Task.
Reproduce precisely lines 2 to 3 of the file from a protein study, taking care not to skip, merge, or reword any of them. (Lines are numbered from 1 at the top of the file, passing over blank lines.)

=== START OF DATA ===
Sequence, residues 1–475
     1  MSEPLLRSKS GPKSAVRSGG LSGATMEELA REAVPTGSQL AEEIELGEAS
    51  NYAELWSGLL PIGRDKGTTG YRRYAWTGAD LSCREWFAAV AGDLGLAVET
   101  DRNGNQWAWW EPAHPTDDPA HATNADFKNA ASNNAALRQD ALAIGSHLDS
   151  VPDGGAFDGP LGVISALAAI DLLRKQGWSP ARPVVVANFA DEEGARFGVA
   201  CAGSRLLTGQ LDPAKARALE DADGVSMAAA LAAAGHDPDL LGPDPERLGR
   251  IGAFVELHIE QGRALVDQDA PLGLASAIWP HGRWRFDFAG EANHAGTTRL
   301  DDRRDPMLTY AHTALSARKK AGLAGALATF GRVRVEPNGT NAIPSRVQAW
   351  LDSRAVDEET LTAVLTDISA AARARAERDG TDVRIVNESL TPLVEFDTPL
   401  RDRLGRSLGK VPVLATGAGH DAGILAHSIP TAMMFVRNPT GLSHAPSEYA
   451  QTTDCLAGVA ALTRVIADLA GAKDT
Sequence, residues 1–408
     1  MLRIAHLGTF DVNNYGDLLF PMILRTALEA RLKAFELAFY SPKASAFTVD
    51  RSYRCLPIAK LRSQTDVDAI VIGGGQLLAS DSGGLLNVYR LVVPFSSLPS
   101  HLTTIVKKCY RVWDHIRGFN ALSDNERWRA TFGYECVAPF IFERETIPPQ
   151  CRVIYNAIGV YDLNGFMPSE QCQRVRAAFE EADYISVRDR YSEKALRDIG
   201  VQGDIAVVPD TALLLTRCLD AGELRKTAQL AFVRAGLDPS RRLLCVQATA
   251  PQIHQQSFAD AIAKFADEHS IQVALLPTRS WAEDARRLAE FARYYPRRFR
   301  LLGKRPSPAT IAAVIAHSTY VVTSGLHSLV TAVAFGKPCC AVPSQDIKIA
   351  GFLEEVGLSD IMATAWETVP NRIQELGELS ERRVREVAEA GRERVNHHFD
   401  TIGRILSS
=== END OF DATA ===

     1  MSEPLLRSKS GPKSAVRSGG LSGATMEELA REAVPTGSQL AEEIELGEAS
    51  NYAELWSGLL PIGRDKGTTG YRRYAWTGAD LSCREWFAAV AGDLGLAVET